Sunday, December 20, 2009

Tyler Durden Chicken

This recipe is from All Bower Power. It's called Tyler Durden Chicken because in their version, they make it super spicy. My version is less spicy, and kind of changes every time I make it.

Let's start off with this:

Normally, I would never be suckered into a product packaged in individualized portions. Why not just buy generic store-brand chicken breasts, then wrap them in plastic wrap myself? But this was on sale, you guys! And it was calling out to me and me single-mouth household. This is a serious issue around here, because when you are only feeding one person, you have to go through ingredients before they spoil. So while something could serve a family of four or five for one meal, at my house it means having the same thing for lunch and dinner every day for a week. With this 'perfect portions' chicken, I can pull out just one serving to defrost at a time, and the rest can stay frozen for weeks. Also it was on sale. Did I mention that already?

Back to Tyler Durden Chicken:

Garlic (real or powdered)
Cayenne/Red Pepper/Chili Powder/What have you
Orange Juice

1. Toss some butter in a pan and get it going. Meanwhile, chop up your chicken into bite size pieces.
2. Add your chicken to the pan. I like to add my seasonings at this juncture - salt, pepper, chicken seasoning, garlic powder, cayenne, or whatever you like.
3. After the chicken cooks for a minute or so, pour in the OJ. I pour about 2/3rds of the way up the chicken.

4. Cook that sucker on medium high. Stir it occasionally.
5. Let the orange juice cook down until it's nice and goopey. This may take awhile. If you are impatient, start with orange juice concentrate instead of regular orange juice. I've found a good balance is partially watered-down concentrate, but either way will work. You're good to go when it looks like this:

You can serve it with rice, or a salad, or you can be lazy like me and eat it alone. Enjoy!

Monday, December 14, 2009

Candy Cane Cookies

It's that time of year - time for Christmas cookies.

My family doesn't really have any family recipes, but this is one of the few. My mom made these cookies with her family when she was a kid, and then made them with my brothers and me when we were kids. And here's where the cookies become infamous: one year, my youngest brother Jeff got a bit overzealous with the raw cookie dough. Let's just say the now, years later, he still gets a bit green around the gills when he smells almond extract. I still love them, though. They're easy to make, pretty to look at, and mildly sweet. Why we use almond extract and not peppermint I don't know, but trust me, they taste delicious.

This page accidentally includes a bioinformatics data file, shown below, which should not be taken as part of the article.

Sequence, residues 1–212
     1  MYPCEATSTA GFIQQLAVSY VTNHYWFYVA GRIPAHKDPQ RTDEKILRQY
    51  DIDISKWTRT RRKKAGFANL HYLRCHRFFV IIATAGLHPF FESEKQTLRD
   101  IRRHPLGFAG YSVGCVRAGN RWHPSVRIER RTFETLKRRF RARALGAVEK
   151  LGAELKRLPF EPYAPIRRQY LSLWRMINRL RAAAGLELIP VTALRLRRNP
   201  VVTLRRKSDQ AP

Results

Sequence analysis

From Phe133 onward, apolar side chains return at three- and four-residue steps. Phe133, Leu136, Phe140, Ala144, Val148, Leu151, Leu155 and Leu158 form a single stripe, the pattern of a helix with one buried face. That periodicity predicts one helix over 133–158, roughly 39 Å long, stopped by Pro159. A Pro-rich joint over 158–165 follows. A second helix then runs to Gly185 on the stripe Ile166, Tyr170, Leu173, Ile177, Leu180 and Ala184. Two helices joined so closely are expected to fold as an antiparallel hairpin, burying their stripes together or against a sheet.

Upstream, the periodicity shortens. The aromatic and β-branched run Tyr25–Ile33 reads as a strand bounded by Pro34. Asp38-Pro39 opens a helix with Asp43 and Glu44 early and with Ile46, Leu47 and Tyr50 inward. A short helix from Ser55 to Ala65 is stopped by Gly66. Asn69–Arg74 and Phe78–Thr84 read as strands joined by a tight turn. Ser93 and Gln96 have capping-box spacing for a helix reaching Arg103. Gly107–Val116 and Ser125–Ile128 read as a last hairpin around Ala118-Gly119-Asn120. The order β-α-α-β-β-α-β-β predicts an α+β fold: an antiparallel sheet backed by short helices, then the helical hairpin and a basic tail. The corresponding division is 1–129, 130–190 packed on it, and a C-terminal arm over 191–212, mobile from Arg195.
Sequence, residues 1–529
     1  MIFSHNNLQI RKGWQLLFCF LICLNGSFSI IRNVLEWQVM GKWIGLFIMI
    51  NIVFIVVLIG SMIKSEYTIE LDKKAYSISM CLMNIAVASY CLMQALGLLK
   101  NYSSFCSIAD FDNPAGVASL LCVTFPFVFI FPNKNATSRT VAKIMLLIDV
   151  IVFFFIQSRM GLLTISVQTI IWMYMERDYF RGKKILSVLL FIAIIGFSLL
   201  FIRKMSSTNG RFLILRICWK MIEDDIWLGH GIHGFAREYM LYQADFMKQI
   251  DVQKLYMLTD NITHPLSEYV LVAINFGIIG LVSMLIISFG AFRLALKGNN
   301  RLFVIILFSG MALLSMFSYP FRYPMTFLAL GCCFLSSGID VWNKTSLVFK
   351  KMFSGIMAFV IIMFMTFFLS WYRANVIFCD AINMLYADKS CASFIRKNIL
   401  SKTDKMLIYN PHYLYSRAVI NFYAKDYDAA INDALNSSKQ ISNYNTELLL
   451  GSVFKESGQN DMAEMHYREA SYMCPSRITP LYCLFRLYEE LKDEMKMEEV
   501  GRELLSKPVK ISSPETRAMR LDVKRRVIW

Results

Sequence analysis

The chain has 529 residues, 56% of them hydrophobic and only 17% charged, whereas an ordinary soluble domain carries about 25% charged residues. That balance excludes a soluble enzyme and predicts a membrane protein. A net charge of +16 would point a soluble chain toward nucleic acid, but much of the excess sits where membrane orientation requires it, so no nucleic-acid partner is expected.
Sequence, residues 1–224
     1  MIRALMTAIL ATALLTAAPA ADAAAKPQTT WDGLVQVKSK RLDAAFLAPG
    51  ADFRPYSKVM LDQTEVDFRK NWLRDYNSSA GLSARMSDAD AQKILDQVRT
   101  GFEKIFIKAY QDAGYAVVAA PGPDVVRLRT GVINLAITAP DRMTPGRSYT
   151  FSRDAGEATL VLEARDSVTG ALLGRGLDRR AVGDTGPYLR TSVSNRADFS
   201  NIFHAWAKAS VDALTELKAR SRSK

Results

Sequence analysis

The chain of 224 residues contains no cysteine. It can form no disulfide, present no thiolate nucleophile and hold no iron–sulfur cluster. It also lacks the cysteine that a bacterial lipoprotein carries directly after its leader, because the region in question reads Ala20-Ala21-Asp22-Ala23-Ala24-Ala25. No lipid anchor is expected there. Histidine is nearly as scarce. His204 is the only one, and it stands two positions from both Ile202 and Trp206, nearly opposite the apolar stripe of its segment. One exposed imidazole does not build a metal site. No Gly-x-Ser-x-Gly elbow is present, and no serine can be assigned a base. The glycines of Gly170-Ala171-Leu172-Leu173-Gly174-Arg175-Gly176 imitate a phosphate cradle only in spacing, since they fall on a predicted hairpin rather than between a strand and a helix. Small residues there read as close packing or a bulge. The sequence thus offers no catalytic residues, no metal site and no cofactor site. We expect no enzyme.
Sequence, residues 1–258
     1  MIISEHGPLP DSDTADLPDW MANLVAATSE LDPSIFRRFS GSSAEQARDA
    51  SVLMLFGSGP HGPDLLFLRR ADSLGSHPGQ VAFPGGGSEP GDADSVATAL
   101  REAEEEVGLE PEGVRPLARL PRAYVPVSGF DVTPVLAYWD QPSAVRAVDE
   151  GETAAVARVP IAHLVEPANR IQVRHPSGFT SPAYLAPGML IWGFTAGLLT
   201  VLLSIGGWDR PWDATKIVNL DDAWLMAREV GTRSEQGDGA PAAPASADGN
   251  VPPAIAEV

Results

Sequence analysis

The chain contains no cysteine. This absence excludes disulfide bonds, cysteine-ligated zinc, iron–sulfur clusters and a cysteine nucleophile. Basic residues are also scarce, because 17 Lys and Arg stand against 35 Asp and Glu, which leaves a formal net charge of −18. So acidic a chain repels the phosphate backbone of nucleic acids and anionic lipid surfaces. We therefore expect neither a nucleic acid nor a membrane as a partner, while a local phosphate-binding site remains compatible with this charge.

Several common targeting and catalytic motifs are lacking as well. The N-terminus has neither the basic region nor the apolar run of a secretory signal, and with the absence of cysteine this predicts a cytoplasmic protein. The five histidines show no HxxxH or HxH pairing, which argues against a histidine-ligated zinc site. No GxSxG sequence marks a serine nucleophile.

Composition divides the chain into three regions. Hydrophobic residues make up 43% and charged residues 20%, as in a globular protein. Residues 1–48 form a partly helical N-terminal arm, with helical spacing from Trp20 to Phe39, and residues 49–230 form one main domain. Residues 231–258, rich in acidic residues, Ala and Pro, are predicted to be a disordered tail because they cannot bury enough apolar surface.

1 c. shortening
1 c. sifted confectioner's sugar
1 egg
1 ½  tsp almond extract
1 tsp vanilla
2 ½ cups flour
1 tsp salt
Red food coloring


1. Mix together your wet ingredients - shortening, egg, vanilla, almond, and sugar. I recommend an extra-large egg, because the dough can be a bit dry. 
2.  Sift in the flour and salt.

If your dough is a little crumbly, you can mix in a smidge of water. You want your dough to have the consistency of playdough. I added water because mine came out like this:

3. Once your dough is mixed, remove half and place in plastic wrap in the fridge (make a giant dough ball). Take your remaining half and add red food dye until you get a nice pink color. Put this in plastic in the fridge as well.

4. Clean up the red food dye you invariably got all over your hands, counter, and the cat.
5. After at least one hour or overnight, break out your dough balls (heh).
6. Roll out some 'worms' the thickness of your pinky.

7. Twist them together, the roll a bit to get them joined.

Then place on a cookie sheet and shape like a candy cane.

7a. Alternate method - the marble. Roll two pieces of dough into a ball, then roll into your worm shape.

8. Repeat. Repeat. Repeat.

9. Bake at 375 degrees for 9-12 minutes. These cookies don't really puff, so you can place them fairly close to each other on your cookie sheet. They also don't brown too much, and will come out looking pretty much how they looked when you put them in.

Yields about 4 dozen. Last approx. 4 hours until they're hoovered.

Wednesday, December 2, 2009

Easy As Chicken Pie

Here's a great throw-it-together recipe that I came up with. I even entered it into a recipe contest. A few of the commenters there despaired that it was 'not cooking' and that 'you might as well just buy a frozen chicken pot pie from the supermarket and call it a day.' But then others chimed in that they appreciated the easiness of the recipe, and while it may not be health food, it's damned delicious!

1 deli rotisserie chicken
1 can condensed chicken soup
1 can condensed potato soup
1 bag frozen vegetables (optional)
1 can refrigerated biscuits or puff pastry or pie shell

1. Shred the chicken from the deli and place into pie pan. Save the carcass for stock and make chicken stock!
2. Combine both cans of soup with one cup of milk or water, then pour over chicken. If you want to add thawed frozen vegetables, go for it.
3. Place biscuit dough/puff pastry on top of the pie mixture.
4. Bake until the biscuits/puff pastry are ready (about 20 minutes at 375 degrees)
5. Eat!